The apparel industry isn’t the only one that has begun to rely on China for its sourcing requirements. Some 95% of toys sold in the U.S. and 85% of shoes are made in China, Feldenkreis reckons. The question therefore for many multinationals in the U.S. and Europe isn’t whether to source goods from China or when — the answer to that one is as soon as possible — but how.

China, of course, isn’t without challenges for international companies that want to do business there. In some ways, it has become a victim of its own success. Its rapid growth — some estimates say its gross domestic product has jumped by more than 10% a year for the last decade — has begun to create shortages for a host of manufacturing inputs, including, most critically, electricity, and to strain its fledgling logistics network.

Even so, China’s cost advantages are so hefty that they are likely to endure for at least a decade, perhaps longer. “You start with a labor rate in China that is a fraction of the West’s – 1/20th or 1/30th in the case of Germany,” says Hemerling. “Our view is that the low-cost advantage is sustainable for a long, long time. In China, you have a huge pool of rural workers who aren’t yet in the industrial workforce.” This supply of workers should serve to curb wage inflation. 

Thomas Bradtke, a manager in BCG’s Boston office, calls China’s supply of labor “almost infinite.” He points out that 70% of China’s population of 1.3 billion people, or more than 900 million people, is rural. “As agricultural productivity goes up, these people will be freed. Everybody in China wants to move to the cities and improve their standard of living. This influx will keep the supply of workers large.” 

In addition, Chinese manufacturers are becoming more experienced and sophisticated. As they master new techniques and technologies, they are able to produce higher-end goods. That has already happened in the furniture industry. In the early 1990s, many American furniture makers believed that, even though China had made inroads into the low-end of the market, it wouldn’t succeed with premium products, which demand higher grades of workmanship and finish. Now, Chinese manufacturers are making this sort of furniture, too. Marshall Meyer, a Wharton professor of management, recalls visiting a piano factory during one of his recent trips to China. “Ten years ago, it was nearly bankrupt, and now it has two-thirds of the Chinese market,” he says. “In terms of units, it could soon be the largest instrument maker in the world.”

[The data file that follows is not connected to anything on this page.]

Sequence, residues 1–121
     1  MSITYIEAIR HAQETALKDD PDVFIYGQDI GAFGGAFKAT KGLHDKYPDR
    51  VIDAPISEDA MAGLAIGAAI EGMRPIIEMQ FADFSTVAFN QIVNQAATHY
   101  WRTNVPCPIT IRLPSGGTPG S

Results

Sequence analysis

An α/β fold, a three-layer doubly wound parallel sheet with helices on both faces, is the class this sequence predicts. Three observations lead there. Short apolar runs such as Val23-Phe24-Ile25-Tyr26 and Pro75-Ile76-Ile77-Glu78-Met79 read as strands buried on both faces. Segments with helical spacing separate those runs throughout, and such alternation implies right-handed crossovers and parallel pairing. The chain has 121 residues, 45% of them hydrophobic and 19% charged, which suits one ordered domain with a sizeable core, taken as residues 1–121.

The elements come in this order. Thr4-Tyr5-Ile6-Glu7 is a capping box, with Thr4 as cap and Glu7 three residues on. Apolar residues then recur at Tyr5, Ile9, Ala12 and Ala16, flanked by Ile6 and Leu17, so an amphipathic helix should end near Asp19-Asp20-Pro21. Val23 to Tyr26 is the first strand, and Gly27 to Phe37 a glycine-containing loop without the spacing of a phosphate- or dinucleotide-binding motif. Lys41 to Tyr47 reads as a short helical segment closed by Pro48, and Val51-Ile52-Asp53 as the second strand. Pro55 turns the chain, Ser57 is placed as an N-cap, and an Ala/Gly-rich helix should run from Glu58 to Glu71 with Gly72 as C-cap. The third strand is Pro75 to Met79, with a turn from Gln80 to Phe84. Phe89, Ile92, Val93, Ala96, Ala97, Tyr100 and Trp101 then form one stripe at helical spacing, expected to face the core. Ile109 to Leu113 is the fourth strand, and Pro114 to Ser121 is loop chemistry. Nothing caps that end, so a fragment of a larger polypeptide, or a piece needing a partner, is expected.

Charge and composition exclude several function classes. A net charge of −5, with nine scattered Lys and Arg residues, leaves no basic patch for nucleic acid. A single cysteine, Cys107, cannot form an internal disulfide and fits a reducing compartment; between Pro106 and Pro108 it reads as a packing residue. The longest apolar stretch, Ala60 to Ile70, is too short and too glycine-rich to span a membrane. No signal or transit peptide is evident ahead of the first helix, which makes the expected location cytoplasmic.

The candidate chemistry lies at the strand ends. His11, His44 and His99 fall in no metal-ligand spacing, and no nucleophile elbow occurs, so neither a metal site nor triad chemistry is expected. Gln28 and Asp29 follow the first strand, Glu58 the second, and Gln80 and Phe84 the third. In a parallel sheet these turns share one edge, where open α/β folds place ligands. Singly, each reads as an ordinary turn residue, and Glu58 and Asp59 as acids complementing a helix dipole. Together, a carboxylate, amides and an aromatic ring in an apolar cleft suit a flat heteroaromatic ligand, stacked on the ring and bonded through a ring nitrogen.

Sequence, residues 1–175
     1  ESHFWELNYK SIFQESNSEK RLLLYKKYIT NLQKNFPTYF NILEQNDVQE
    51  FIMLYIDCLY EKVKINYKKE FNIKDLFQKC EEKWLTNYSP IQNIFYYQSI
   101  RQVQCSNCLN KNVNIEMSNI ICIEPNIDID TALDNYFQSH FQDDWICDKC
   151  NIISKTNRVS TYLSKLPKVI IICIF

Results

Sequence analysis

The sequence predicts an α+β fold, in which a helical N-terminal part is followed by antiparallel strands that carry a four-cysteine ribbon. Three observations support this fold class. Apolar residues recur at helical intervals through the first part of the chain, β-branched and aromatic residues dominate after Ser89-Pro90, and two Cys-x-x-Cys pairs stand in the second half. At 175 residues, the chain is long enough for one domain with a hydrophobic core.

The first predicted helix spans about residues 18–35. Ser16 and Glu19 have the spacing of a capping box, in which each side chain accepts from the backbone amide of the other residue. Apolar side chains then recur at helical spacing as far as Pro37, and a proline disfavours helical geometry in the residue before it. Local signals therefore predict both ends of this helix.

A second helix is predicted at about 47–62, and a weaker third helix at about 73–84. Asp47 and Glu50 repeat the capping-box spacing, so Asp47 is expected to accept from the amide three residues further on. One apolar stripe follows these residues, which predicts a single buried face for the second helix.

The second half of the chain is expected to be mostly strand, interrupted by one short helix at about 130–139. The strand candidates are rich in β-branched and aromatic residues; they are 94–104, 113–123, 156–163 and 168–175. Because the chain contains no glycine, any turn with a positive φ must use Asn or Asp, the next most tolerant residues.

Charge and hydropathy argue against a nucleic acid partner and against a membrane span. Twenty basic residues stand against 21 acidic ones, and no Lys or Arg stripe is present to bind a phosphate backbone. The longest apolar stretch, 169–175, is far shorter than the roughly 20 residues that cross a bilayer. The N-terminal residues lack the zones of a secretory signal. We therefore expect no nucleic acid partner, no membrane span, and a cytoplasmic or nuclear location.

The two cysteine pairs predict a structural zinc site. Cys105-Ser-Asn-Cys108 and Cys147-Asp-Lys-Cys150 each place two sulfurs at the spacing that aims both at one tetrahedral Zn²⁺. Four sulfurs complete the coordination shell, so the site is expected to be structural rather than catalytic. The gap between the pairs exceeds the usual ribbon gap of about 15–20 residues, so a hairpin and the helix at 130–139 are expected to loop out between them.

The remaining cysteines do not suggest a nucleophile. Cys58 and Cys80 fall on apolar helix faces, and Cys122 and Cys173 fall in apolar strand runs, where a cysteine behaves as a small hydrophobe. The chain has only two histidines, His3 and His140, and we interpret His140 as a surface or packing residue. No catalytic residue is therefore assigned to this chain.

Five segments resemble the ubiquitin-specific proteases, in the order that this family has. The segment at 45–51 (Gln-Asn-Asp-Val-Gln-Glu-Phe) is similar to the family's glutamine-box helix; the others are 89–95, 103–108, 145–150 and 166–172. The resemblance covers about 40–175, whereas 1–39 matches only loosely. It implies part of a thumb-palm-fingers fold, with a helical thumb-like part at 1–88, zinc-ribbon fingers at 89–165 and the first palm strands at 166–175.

China’s Cost Advantage

China’s advantage over western suppliers does not just stem from low labor costs. Other necessities for commerce — land, buildings and machinery — are less expensive, too. “Everything is cheaper in China,” Bradtke says. “If you set up a metal-processing plant or textile plant, the investment required is a lot lower than for equivalent facilities in the West — anywhere from 20% to 80% less,” he notes. “And if you use local machinery — say, a metal-stamping press made in China — your supplier passes on his cost advantage. It is 30% to 40% cheaper than what you might get from a U.S. or Japanese manufacturer.” Constructing an aluminum smelter, which could cost $1 billion to $2 billion in the U.S., costs half that in China, he estimates.